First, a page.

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The tragedy of Colin Powell is that his training as a soldier betrayed him in civilian office. As honorable a man as ever to serve a president, the outgoing secretary of state was undone by the serviceman's doctrine: Follow orders.

The open secret about Powell is that the former chairman of the Joint Chiefs of Staff thought the United States was needlessly rushing to war with Iraq. He tried to act as counter-agent to the administration hawks, including Vice President Cheney, Secretary of Defense Donald Rumsfeld and National Security Adviser Condoleezza Rice.

That sensible moderation was the source of Powell's credibility with many world leaders, as well as with many Americans. So when he stood before the United Nations and laid out the case for war, the evidence carried his imprimatur. If Powell said it was so, then it must be true. President Bush, who had already decided to go to war with Iraq, traded on Powell's reputation for integrity, and the loyal soldier went along.

The convolutions and consequences are worthy of Shakespearean tragedy, but this is no story. The United States is stuck in a war that Powell justified to the world based on now-discredited evidence. More than 1,200 Americans have died thus far. Whatever else he has achieved or will achieve, that fact will dominate his life. It will be at the top of his obituary.

No one should believe Powell had any real chance of changing the history that has occurred on his watch. Bush, urged on by his desk-bound warriors, had already made the decision on Iraq. But more questions might have been asked had Powell resigned over this fundamental issue.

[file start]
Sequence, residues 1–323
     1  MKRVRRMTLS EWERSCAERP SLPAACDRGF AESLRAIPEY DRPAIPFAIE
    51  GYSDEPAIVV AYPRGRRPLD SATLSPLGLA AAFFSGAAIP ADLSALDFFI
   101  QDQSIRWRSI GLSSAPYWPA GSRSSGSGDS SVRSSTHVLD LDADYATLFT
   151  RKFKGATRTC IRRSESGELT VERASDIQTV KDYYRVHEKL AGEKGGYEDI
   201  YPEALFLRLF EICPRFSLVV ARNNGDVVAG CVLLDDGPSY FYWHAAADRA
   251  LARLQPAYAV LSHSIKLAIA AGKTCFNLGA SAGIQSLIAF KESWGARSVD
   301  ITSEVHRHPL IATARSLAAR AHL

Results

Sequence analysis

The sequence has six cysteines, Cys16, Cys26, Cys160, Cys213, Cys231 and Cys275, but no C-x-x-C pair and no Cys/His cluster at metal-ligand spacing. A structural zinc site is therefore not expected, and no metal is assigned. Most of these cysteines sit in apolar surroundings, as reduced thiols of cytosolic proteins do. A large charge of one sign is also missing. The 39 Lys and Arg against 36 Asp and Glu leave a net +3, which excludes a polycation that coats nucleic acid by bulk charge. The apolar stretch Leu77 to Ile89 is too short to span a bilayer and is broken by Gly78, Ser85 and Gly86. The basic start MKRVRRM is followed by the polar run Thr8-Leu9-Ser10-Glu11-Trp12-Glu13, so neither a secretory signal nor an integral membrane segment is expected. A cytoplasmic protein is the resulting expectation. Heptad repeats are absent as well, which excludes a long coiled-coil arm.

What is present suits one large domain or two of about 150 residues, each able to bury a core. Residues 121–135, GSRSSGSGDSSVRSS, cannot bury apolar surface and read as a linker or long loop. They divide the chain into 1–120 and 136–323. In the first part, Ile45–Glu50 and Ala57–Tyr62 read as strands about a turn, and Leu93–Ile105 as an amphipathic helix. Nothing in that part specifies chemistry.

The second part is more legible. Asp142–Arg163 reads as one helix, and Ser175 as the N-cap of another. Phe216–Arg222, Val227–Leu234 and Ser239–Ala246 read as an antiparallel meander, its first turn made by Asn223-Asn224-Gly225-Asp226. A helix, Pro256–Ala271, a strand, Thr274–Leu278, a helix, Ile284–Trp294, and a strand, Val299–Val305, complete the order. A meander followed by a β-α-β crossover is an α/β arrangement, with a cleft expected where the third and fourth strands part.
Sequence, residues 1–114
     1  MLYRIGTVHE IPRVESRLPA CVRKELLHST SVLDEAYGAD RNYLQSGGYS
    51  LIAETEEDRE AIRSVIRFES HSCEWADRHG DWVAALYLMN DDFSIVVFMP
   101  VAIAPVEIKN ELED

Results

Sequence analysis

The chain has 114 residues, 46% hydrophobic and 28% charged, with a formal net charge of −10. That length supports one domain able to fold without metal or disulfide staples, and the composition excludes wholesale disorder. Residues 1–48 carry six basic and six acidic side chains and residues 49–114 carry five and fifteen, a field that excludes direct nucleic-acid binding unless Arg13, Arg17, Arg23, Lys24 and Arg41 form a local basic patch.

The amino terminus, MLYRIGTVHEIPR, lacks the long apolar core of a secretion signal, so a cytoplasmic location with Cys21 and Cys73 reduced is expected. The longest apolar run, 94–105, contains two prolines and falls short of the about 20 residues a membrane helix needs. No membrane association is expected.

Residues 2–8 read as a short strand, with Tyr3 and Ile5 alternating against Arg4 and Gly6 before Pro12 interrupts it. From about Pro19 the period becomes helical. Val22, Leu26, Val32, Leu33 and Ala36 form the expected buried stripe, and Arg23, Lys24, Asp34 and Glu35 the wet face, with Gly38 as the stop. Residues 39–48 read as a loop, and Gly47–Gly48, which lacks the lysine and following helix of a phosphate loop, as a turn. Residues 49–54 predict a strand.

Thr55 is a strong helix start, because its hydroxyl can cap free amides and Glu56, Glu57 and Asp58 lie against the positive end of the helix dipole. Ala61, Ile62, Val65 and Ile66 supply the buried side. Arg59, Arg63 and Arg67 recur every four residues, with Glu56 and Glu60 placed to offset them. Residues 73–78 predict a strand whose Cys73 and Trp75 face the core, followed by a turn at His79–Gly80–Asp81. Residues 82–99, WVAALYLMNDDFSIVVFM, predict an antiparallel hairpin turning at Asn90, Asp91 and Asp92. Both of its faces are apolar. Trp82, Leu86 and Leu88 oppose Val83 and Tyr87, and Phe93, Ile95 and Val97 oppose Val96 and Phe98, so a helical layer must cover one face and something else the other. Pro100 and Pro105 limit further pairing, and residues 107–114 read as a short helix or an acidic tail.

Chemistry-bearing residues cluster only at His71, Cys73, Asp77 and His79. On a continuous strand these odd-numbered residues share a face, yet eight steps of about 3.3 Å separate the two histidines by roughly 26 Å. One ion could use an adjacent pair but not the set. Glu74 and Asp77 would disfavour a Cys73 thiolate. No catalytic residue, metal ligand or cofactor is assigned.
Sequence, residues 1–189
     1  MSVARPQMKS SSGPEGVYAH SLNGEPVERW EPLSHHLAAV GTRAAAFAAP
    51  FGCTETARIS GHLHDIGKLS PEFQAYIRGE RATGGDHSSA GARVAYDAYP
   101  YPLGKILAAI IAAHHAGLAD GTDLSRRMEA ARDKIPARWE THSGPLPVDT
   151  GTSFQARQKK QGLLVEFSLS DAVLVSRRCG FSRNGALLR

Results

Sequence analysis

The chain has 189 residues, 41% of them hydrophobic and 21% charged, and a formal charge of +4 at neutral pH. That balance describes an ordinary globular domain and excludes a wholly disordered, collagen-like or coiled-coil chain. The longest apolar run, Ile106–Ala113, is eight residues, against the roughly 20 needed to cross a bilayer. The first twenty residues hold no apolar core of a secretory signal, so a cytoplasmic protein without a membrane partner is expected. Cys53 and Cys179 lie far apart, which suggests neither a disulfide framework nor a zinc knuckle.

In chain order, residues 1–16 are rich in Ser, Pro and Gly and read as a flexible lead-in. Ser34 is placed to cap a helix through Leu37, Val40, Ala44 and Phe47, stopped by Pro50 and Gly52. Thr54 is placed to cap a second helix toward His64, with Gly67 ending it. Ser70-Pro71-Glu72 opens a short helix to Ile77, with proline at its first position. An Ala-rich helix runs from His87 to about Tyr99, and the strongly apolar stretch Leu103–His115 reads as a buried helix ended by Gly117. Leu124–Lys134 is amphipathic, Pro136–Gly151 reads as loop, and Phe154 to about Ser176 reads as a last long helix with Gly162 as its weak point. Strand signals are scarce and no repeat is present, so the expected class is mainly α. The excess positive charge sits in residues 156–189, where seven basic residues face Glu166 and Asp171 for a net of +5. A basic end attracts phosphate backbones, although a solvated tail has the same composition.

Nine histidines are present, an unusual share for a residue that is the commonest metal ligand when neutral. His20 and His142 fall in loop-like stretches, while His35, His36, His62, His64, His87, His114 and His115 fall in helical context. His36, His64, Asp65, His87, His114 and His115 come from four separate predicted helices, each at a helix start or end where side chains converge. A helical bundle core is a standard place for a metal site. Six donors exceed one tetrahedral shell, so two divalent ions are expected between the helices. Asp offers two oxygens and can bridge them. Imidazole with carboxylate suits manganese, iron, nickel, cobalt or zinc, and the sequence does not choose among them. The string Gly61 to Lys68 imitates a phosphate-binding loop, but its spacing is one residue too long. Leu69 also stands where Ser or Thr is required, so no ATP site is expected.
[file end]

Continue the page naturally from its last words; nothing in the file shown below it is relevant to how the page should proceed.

That's what a predecessor, Cyrus Vance, did after former President Jimmy Carter sent the military on a failed hostage-rescue mission the secretary opposed. He understood that there is a place where duty to your president and devotion to your principles part ways. The soldier in Powell didn't seem to be able to separate them.

Bush has nominated Rice to succeed Powell, which will inevitably take the State Department in a more hawkish direction. That is not necessarily a wholly bad thing, if she and the administration have learned anything from the mistakes of the past two years. Before they confirm her, the Senate should satisfy itself on that matter.

Overshadowed by Powell's resignation were those of three other cabinet members, Secretary of Education Rod Paige, Secretary of Agriculture Ann Veneman and Secretary of Energy Spencer Abraham. All leave a mixed record.

Paige couldn't seem to get out of his own way, for example, at one point calling the National Education Association a "terrorist organization." And while Abraham understood the security of nuclear materials to be a pressing international issue, he presided over a national energy policy that was crafted in secret and that disdained any effort at conservation. Like Powell, though, he signed on with an administration that wouldn't have had it any other way.

Bush is moving expeditiously to fill the vacancies that are turning his cabinet into a sieve. He promptly announced that Rice would succeed Powell and last week, that his White House council, Alberto Gonzales, would take over from John Ashcroft at the Justice Department. More may be coming, if Rumsfeld takes his leave or, perhaps more likely, if Homeland Security Secretary Tom Ridge or Health and Human Services Secretary Tommy Thompson step down.

The administration is going to look far different in 2005, and so far, none of the newcomers has the stature of a Colin Powell. But if the events of the past couple of years show anything, it is that stature isn't everything.